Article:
To keep residents engaged, the township offers a Community Help Desk, an online space where individuals can submit questions, comments, or concerns, and receive a response within 24 to 48 hours. This program has been very successful for the community, and Schwartz reports over 1000 interactions in 2022. In addition, North Bergen promotes an open-door policy, with the mayor and other city officials responding directly to constituents or referring their concerns to the appropriate department. “We have a tremendous number of events in town, through the library and the rec department, and the mayor, the administrators, the commissioners, are often at these events and interacting with individuals. There’s plenty of opportunity for people to interact and share their thoughts,” Schwartz asserts. The township’s highly accredited police department also holds meetings at various locations throughout North Bergen, inviting the public to come and share their thoughts and concerns directly. “Thanks to their focus on community policing, cutting-edge technology, and other innovative strategies, we have been listed as among the safest municipalities in the state,” he remarks.
“We have got a great chief, a great department, with 130 sworn personnel and 30 more civilian personnel. The mayor implemented a resident-only hiring policy, and what that means is that not just the police officers, but everybody working for the town lives here, so the demographics reflect the community and everyone is fully invested in the township’s progress and success.”
Other crucial community partners include the North Bergen School District, North Bergen Free Public Library, and the municipal parking and utilities authorities. “Without those partnerships, I don’t think that we’d be able to function as smoothly as we currently do, and that is because we all share the same vision. Each is an independent entity, they have their own directors and their own boards, but in the end, we all come together, and we share the same vision to improve our community,” Castro conveys. An example of the strength of these collaborations is in the newest branch of the library, a large facility in North Bergen’s downtown, with an attached rec center. “That was a $20 million project. It’s beautiful, it’s a great facility, it has a turf roof, there’s a running track inside, it’s really got everything you could want,” portrays Schwartz. Castro continues, “We collaborate so well with our library that we literally have merged programming. We work amazingly well together, serving and engaging our community.”
Looking to the future, the development and revitalization of downtown is an ongoing focus, with the new library just the beginning. Schwartz explains, “Over the past few years, we had a very large development constructed in downtown called Hudson Mews. As part of the development agreement we required them to build a park. So, there’s a new public park there, in addition to two new hotels in the area, and there’s a lot more focus on that part of town.” Asserting that this type of development is needed to keep North Bergen moving forward, Castro emphasizes the importance of maintaining a balance between redevelopment and the impact on traffic, services, schools, and the community.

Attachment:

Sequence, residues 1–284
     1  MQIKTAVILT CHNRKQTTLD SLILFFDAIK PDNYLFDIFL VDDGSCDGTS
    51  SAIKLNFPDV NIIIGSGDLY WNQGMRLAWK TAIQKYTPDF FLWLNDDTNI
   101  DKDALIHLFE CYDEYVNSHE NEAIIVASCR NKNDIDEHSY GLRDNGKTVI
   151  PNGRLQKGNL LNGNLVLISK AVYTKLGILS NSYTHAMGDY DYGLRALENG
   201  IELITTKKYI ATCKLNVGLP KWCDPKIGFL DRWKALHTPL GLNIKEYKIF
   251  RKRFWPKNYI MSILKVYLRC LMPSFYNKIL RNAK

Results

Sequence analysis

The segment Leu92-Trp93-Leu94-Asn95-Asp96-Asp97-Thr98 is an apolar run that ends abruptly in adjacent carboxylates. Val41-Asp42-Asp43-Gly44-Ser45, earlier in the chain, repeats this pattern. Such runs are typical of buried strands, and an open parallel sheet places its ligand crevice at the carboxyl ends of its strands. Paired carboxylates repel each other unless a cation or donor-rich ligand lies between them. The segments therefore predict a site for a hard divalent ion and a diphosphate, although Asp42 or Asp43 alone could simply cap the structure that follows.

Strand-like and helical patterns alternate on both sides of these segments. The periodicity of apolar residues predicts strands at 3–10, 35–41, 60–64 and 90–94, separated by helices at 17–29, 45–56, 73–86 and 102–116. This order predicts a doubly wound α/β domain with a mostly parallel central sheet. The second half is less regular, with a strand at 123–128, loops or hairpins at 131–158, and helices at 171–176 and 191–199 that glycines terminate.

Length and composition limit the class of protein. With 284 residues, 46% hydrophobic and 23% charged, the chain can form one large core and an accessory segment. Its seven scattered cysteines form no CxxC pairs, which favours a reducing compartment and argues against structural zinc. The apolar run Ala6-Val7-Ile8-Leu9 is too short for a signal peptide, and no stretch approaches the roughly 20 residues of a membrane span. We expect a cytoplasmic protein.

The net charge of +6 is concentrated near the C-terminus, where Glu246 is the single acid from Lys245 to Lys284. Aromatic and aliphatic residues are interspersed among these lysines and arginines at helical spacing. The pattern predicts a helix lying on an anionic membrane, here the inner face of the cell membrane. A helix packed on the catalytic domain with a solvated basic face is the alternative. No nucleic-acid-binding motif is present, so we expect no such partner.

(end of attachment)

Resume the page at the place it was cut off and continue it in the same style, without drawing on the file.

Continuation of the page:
She concludes, “We have to maintain a balancing act in that regard, developing rateables, while continuing to keep that community feel to the township. That is very important to us.”
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AT A GLANCE
Township Of North Bergen
What: A community of 63,000 parallel to Manhattan across the Hudson River
Where: Hudson County, New Jersey
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Hackensack Meridian Palisades Medical Center is a not-for-profit 197-bed hospital offering a range of services, and is one of seventeen hospitals in the Hackensack Meridian network that serves Hudson County’s 450,000 residents.
In recent years, the hospital has been going through an exciting revitalization, attracting additional expert, fellowship-trained surgeons who specialize in minimally invasive surgery. The hospital’s interior spaces have been reimagined to enhance the patient experience. Renovations include, new flooring, remodeling of the main hospital lobby, and renovated maternity and rehabilitation spaces that promote comfort, quality, and clinical excellence. Hackensack Meridian Palisades Medical Center also plans to begin construction on a new state of the art Emergency Department.
As a result of the hospital’s capital, clinical and personnel investments, Palisades Medical Center has received numerous recognitions and awards, including:
●The only hospital in Hudson County with 3 consecutive As’ in hospital safety
from The Leapfrog Group, an independent national watchdog organization.
●Best Hospital for Maternity Care by Money and the Leapfrog Group – 2022
●Best Hospital for Maternity Care by U.S. News & World Report – 2022-2023
●Top Teaching Hospital by Money and Leapfrog – 2022
To exceed and enhance the standard of care across the region, Hackensack Meridian Palisades Medical Center will continue to partner with Hackensack University Medical Center – Hackensack Meridian’s flagship hospital – to offer increased access to specialists and specialty programs designed to improve health outcomes across Hudson County’s communities.